Mtongwe ferry: A rescuer’s near-death experience

Divers searching for bodies after Mtongwe ferry disaster April 1994 [Courtsy]

April 29, 1994 was a dark day for the country. On this morning, 272 people died when MV Mtongwe ferry sank 40 metres from land. So near yet so far. There were 400 people on board.

People cried in shock and disbelief as time dragged by, dashing hopes of more survivors being found. All the while, a team of divers was hard at work. The divers stayed put even when the rescue mission slowly turned into a recovery mission.

One of the people diving into the deep sea that day, 27 years ago, was Mike Osinde, a Kenya Navy officer., then a captain. When we catch up with him, the Mtongwe ferry tragedy is still fresh in his mind.

Now 59, retired Lt Colonel Osinde vividly remembers the rescue mission.

“It was early morning and we were reporting on duty when we saw a multitude near MV Mtongwe jetty,” says Osinde.

This was about 200 metres from Kenya Navy headquarters where Osinde’s office, the Clearance Diving Unit, was.

Upon learning about the ferry accident, he and the other divers quickly changed into their diving gear and dashed to the scene. After a quick briefing to the other divers, they got down to work.

Civilian divers joined in the rescue and recovery operations, which went on the whole day.

It was a risky venture. All the divers had to stay focused to avoid drowning in their efforts to save other people.

Retired Colonel Mike Osinde recalls how he cheated death at the height of 1994 MV Mtongwe ferry tragedy rescue mission at the bottom of the sea bed. [Courtesy]

As time went by, the rescue mission turned into a recovery mission since most of the people had stayed for hours in the water and were presumed dead. A plan to re-float the ferry was executed.

This was when Osinde’s brush with death came about. Osinde says he ran out of oxygen at the bottom of the Indian Ocean, while trying to find a fine spot to tie the lifting strap on the sunken ferry.

“I got stuck for several minutes and could not pull myself out; I was pulling the heavy lifting strap all the way from the top about 30 metres to the bottom of the sea. The strap made my entanglement worse and I was running out of air. I had to think fast and get out otherwise I was going to die trying to recover already dead passengers,” he says.

Osinde was stuck at the sea bed with only five minutes of air left in his oxygen reserve tank.

“I realised that the end was nigh. I was on a countdown clock and it was counting very fast, my life was between a rock and a hard place.”

It took quite a struggle for Osinde to disentangle himself. He says how he was able to come out of it unscathed baffled medics and his fellow divers. He abandoned the strap and pulled himself into the engine room where says he found a number of bodies.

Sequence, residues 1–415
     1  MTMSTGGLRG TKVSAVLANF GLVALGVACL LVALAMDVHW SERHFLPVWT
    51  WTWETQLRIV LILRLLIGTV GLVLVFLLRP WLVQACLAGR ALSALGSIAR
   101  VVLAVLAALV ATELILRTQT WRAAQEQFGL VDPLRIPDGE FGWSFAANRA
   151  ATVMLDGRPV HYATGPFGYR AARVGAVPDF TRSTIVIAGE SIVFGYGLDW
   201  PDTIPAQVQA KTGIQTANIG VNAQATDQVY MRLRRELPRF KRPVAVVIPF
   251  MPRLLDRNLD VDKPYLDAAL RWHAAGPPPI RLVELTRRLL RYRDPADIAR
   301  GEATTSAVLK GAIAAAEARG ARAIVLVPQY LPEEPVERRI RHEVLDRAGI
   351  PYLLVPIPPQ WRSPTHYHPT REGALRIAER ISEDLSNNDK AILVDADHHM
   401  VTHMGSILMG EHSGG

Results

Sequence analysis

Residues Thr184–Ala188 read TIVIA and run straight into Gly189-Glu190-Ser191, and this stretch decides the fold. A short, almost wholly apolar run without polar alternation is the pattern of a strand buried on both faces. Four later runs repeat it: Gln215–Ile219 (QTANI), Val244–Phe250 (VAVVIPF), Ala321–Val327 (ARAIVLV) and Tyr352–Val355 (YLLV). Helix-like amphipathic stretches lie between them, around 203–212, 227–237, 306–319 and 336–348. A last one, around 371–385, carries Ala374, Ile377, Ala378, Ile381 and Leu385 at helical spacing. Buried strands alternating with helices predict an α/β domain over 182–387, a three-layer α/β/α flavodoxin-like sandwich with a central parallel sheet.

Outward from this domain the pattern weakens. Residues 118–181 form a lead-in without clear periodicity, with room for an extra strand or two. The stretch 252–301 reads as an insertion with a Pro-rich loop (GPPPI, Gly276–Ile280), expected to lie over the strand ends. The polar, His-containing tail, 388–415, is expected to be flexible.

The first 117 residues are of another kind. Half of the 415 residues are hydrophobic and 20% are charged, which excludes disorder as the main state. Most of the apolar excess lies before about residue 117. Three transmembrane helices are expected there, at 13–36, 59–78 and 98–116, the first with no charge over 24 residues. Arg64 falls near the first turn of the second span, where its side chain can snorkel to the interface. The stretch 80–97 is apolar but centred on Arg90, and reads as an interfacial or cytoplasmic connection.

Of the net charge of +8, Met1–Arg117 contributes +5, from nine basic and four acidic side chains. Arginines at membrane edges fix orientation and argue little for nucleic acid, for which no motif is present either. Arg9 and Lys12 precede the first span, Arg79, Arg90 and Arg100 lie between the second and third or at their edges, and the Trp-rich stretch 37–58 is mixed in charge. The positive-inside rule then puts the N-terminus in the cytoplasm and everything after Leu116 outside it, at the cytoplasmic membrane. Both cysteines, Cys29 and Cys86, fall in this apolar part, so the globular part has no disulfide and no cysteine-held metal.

The entire rescue mission took two weeks. Osinde was awarded the Order of the Grand Warrior (OGW) by the then President, Daniel arap Moi.

The experience gives Osinde the chills to date. 

During investigations into the Mtongwe disaster, issues of overloading and condition of the ferries came up.

About 400 people were on board the ferry when it sunk. More than half of the commuters lost their lives in the incident. 

The number of victims was so high that bodies were placed in the open for identification. 

Kenya Navy divers searching for bodies after Mtongwe ferry disaster [Courtesy]

Other rescues

That is not the only rescue mission Osinde has participated in. In 1996, he led his team of divers to Mwanza, Tanzania, for yet another rescue mission of MV Bukoba.

The Tanzanian vessel had capsized near Mwanza on her voyage from Bukoba to Mwanza. On board were 1,000 passengers.

Osinde took the lead role of the rescue mission that included South African Navy divers

The mission took one month. In recognition of his efforts, Osinde was given an award and certificate by the Chief of Tanzania People’s Defence Force in the presence of then President Benjamin Mkapa.

Then came the Kenya Airways flight KQ 431 crash into the sea off the Ivory Coast in 2000.  

During the rescue mission that lasted more than a month, Osinde lost one of his best divers in an effort to salvage the aircraft and retrieve bodies.

“The Atlantic Ocean is a dangerous ocean to dive into. The bottom profile is so rugged that you could be diving at 30 metres, then you drop to 100 metres,” he says.

In October 2012 when a heavy truck loaded with oil products plunged into the ocean, Osinde was at it again.

He also took part in a recovery mission in 2013 when 11 people died after a loaded tanker crashed into passengers at the Likoni ferry.

He retired from the navy in 2006 and joined the Kenya Revenue Authority as Assistant Commissioner in charge of Customs Marine Unit in 2007.